The Old Ozark County Jail (part 1)
The Ozark County Jail made news statewide on Feb. 28, 1890, when an unidentified Kansas City Journal reporter wrote a scathing indictment of Ozark County and particularly of the County Jail. The article was picked up by several southwest Missouri newspapers, and local Gainesville residents took it as a serious affront. The Ozark County News of that week published a rebuttal that was direct and to the point, if not a little tongue-in-cheek at times. The unnamed Kansas City reporter is referred to by the News as “some harmless, wandering imbecile” as well as a “sea cook,” which I’m sure in the vernacular of the day meant something less than complimentary.
In his diatribe, the Journal reporter wrote, “The only county property that is known is the courthouse, a small one story building in the center of the ‘square’ and a jail. Gainesville has about 100 inhabitants and they are all proud of that jail. It is a sample of pioneer architecture that is shown with pride to all who visit the town. It is a two-story log building, 8x10 feet and 20 feet high. When first seen it gives the impression that a factory has been burned down and the chimney left standing.”
Aside from the indignation of county citizens being labeled “Bald Knobbers” by this reporter, the News article humbly admitted that the county jail was not a highlight of the community and that “we need a better one.”
That feeling was fairly unanimous in Ozark County at the time, but new jails don’t just happen overnight. As time passed, the situation grew worse, and a 1904 Ozark County Times article brought the issue to a head. In a story headlined “County Property,” the Nov. 25, 1904, issue of the Times reported on the untenable situation at the county jail. In spite of the jail being on public property, “The entire lot, except a small strip that leads out to the street, is enclosed and used as a hog pen and cow lot…when one wends his way from the street to the jail the conditions are so shocking to his senses that he feels like he never wants to make the trip again, and more than that he feels that it is an outrage to shut a human being up with such surroundings, be he ever so hardened a criminal.”
Two years later, the Jan. 11, 1907, edition of Ozark County Times reported that the county court (today called the county commission) had appointed George Boone, W.T. Harlin and Marion Haskins as a committee to “select a site and erect thereon a good substantial stone jail.” The committee acted promptly and traded the old jail and lot for a lot on what was then High Street, or more accurately just north of High Street (now Third Street) on what is today part of Harlin Drive.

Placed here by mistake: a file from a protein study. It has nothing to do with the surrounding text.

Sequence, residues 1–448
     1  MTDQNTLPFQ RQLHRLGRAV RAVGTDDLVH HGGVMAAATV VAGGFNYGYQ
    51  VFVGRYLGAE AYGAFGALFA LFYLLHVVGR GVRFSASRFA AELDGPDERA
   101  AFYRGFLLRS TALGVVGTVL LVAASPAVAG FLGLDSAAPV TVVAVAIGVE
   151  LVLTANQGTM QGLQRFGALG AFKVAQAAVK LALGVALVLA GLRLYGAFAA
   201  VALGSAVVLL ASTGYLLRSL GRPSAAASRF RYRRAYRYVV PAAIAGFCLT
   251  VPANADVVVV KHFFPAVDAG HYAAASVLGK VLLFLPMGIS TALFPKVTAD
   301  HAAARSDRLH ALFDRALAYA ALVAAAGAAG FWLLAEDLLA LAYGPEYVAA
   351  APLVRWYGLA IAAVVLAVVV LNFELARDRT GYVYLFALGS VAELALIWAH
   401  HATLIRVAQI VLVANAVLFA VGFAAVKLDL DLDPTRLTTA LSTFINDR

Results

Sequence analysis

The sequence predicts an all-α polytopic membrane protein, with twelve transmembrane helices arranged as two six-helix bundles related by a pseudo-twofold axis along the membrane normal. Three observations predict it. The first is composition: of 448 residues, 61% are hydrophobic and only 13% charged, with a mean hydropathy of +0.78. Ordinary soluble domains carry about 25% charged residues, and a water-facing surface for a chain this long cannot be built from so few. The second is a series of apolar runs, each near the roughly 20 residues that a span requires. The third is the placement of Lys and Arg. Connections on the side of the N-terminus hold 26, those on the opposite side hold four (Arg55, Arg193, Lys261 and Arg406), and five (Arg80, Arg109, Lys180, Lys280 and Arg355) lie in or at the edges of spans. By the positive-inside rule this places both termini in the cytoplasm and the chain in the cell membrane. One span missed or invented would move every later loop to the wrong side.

The jail was justified as “a great saving to the tax payers of Ozark County, as the old jail is neither a safe nor healthy place, and the necessity of taking prisoners to another county is more expensive than people generally think, as when a prisoner is taken to another jail for safe keeping, he must be brought back to court, and for each such transfer [and there were many] the sheriff’s fees and expenses amount to at least twenty-five dollars.”
That $25 in 1907 would be equal to $687 in today’s money.
By 1908, the new stone jail was in place and housing prisoners. The stone was quarried locally at a spot along Lick Creek south of Gainesville, and the iron door and windows were apparently manufactured by a local blacksmith. That blacksmith shop stood where Gainesville’s former City Hall, now the 416th Bomb Group Archive, stands, a structure that was built in 1935 as a Depression Era public works initiative.
The stone jail would serve the county well for more than 30 years, until the new county courthouse and jail were built on the square in 1939.
In our next Ozark Journey, we will trace some of the history associated with this stone jail that is still standing and housed some rather famous and/or notorious people over the years.